Degenerate-Art-Exhibition-View-at-Neue-GalerieThe popular Egon Schiele exhibition at the Neue Galerie has been extended through April 20th, the museum announced today, continuing the record breaking exhibition for an additional four months. Read More »

Judge Rules for Sotheby’s in Caravaggio Lawsuit

January 16th, 2015

the Disputed work, a duplicate or other edition of Caravaggio's The Cardsharps, via Daily MailThe lawsuit between Sotheby’s and collector Lancelot William Thwaytes has been decided in favor of the auction house. Sotheby’s sold a work for Thwaytes, attributed to a follower of Caravaggio, for £42,000 in 2006, only to have the work authenticated as a true Caravaggio weeks later.  Mrs Justice Rose ruled there had been no negligence in the case, stating that Sotheby’s is “entitled to rely on the connoisseurship and expertise of their specialists.” Read More »

London – J.M.W. Turner: “Late Turner – Painting Set Free” at Tate Britain Through January 25th, 2015

January 16th, 2015

Ancient Rome; Agrippina Landing with the Ashes of Germanicus exhibited 1839 by Joseph Mallord William Turner 1775-1851
Joseph Mallord William Turner, Ancient Rome; Agrippina Landing with the Ashes of Germanicus (1839), all images courtesy Tate Britain

On view at the Tate Britain is the first exhibition devoted entirely to the work of Joseph Mallord Wiliam Turner, created between the years of 1835 and his death in 1851. The show brings together major series of works including a group of square pictures highlighting Turner’s tendency towards innovation, even at the end of his life.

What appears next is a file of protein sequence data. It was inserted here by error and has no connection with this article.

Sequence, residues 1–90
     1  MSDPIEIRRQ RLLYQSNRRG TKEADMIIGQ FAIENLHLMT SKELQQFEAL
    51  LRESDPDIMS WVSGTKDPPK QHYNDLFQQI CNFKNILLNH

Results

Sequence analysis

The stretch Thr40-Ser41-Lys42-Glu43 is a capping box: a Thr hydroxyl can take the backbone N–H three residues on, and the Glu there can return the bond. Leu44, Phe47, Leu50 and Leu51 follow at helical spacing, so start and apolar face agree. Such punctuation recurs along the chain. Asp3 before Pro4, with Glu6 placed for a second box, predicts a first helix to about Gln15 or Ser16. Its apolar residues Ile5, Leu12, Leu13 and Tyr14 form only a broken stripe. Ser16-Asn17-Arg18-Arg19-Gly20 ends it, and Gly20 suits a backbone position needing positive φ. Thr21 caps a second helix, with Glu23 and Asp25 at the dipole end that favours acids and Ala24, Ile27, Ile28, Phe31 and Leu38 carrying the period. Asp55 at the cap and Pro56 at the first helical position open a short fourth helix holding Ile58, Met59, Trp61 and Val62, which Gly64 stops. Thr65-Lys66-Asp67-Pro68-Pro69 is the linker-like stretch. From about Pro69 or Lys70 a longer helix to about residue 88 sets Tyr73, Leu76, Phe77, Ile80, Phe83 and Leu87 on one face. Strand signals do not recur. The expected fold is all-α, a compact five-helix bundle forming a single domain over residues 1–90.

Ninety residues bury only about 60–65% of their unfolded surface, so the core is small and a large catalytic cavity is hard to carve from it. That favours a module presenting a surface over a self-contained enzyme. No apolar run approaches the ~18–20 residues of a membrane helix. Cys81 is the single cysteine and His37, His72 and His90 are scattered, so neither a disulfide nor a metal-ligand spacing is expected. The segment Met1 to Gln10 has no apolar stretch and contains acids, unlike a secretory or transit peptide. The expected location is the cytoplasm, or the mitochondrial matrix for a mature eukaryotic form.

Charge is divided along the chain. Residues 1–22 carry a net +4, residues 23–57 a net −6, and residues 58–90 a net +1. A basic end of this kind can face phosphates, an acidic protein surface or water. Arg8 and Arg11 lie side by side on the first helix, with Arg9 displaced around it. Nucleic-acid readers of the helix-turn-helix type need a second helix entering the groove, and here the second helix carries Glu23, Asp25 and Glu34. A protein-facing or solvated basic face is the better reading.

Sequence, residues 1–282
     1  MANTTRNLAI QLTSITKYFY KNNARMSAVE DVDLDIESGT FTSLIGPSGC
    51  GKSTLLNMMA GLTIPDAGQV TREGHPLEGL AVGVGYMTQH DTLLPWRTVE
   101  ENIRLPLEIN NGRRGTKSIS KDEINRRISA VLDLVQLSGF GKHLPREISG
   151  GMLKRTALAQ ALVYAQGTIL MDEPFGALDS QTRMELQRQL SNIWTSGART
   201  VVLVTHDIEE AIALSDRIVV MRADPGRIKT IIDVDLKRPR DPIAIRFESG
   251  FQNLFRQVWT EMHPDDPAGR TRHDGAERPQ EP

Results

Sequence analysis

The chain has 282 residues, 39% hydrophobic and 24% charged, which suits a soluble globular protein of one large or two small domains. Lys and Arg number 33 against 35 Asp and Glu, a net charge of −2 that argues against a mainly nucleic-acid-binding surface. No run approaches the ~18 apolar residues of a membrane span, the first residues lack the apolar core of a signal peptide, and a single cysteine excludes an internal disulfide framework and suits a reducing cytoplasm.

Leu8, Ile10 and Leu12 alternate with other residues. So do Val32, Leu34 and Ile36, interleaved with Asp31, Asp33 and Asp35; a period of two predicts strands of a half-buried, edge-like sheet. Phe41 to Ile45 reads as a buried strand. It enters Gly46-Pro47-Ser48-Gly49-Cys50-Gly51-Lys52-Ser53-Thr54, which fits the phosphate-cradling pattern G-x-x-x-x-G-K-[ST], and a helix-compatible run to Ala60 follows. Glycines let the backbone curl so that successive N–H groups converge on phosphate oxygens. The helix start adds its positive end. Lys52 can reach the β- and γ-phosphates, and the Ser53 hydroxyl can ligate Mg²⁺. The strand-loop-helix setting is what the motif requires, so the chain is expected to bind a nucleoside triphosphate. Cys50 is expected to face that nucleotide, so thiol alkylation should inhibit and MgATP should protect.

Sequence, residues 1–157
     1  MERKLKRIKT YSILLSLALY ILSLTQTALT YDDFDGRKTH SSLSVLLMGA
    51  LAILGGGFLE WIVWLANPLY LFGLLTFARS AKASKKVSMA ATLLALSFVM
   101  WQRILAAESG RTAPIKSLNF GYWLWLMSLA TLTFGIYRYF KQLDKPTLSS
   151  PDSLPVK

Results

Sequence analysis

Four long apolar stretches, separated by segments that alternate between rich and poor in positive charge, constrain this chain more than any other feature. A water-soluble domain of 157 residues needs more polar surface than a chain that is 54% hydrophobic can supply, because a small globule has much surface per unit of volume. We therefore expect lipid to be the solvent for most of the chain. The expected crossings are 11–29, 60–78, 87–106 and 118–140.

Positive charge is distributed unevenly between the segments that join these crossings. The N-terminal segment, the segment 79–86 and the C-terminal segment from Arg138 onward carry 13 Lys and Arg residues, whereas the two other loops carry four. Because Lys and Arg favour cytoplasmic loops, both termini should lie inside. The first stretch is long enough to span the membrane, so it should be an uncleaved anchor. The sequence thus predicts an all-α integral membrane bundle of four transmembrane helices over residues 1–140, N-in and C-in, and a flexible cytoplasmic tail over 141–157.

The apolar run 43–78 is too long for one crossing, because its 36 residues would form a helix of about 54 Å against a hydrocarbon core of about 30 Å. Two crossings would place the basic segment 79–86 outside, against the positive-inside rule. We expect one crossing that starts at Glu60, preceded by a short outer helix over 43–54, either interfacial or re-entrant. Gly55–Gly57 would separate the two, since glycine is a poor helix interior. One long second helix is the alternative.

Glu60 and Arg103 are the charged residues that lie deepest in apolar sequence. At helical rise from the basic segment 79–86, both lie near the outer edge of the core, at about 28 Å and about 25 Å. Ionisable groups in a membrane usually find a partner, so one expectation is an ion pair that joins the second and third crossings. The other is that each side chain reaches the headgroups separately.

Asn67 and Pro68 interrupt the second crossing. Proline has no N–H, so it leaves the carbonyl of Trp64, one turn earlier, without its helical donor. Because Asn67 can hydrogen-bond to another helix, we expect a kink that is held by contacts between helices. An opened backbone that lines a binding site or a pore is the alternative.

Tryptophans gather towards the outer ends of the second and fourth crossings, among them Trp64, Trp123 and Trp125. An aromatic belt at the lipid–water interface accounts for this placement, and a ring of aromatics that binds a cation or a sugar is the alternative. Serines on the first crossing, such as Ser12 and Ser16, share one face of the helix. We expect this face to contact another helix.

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Inside the Competitive Field for Museum Funds

January 15th, 2015

The Whitney, via WSJThe Wall Street Journal looks at the current state of museum fundraising, with a number of museums competing for donations and gifts in what some call a crowded market.  “These big capital campaigns for the gold-plated arts and cultural institutions probably put the most pressure on the people who are on that party circuit,” says Michael Hamill Remaley, senior vice president for public policy and communications at Philanthropy New York. “But the 1% is not hurting.” Read More »

Abby Bangser Named Frieze Artistic Director for Asia and Americas

January 15th, 2015

Abby Bangser, via Art NewsFrieze Art Fair has announced that Abby Bangser will take the newly formed Artistic Director position for the Americas and Asia, working to support the organization’s director, Victoria Siddall.  “Abby brings fantastic gallery, institutional and collector relationships to this new role,” Siddall said in a statement, “and I am thrilled she is joining our team. She has shown her passion for and commitment to Frieze and her insight as an American will be invaluable to us, ensuring that the fairs continue to deliver at the highest levels.” Read More »

Museum of Fine Arts Houston Announces $450 Million Expansion

January 15th, 2015

Proposed Design for the New MFA Houston Campus, via Houston ChronicleThe Museum of Fine Arts Houston is embarking on an ambitious $450 million expansion project that will seek to place it as one of the city’s cultural hubs.  “It’s all about shaping space,” says , architect Steven Holl. “The collection of buildings there is already outstanding. It’s very delicate, not a site that calls for over-exuberance.” Read More »

Gagosian Gallery to Recreate Henry Moore’s Studio For Exhibition Next Month

January 15th, 2015